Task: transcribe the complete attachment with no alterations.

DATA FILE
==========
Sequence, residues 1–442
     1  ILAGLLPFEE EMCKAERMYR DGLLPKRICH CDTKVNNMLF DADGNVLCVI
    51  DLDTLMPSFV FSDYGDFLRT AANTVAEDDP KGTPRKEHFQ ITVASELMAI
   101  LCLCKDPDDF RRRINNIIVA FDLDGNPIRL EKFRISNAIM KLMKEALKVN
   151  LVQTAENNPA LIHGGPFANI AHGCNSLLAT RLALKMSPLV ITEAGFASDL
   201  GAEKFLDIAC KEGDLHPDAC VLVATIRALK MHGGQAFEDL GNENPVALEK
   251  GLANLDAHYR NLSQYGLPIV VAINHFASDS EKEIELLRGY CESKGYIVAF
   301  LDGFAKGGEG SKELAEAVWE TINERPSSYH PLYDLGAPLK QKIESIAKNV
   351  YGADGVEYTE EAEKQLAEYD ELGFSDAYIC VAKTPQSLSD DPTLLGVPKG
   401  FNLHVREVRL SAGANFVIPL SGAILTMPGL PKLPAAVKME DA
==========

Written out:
Sequence, residues 1–442
     1  ILAGLLPFEE EMCKAERMYR DGLLPKRICH CDTKVNNMLF DADGNVLCVI
    51  DLDTLMPSFV FSDYGDFLRT AANTVAEDDP KGTPRKEHFQ ITVASELMAI
   101  LCLCKDPDDF RRRINNIIVA FDLDGNPIRL EKFRISNAIM KLMKEALKVN
   151  LVQTAENNPA LIHGGPFANI AHGCNSLLAT RLALKMSPLV ITEAGFASDL
   201  GAEKFLDIAC KEGDLHPDAC VLVATIRALK MHGGQAFEDL GNENPVALEK
   251  GLANLDAHYR NLSQYGLPIV VAINHFASDS EKEIELLRGY CESKGYIVAF
   301  LDGFAKGGEG SKELAEAVWE TINERPSSYH PLYDLGAPLK QKIESIAKNV
   351  YGADGVEYTE EAEKQLAEYD ELGFSDAYIC VAKTPQSLSD DPTLLGVPKG
   401  FNLHVREVRL SAGANFVIPL SGAILTMPGL PKLPAAVKME DA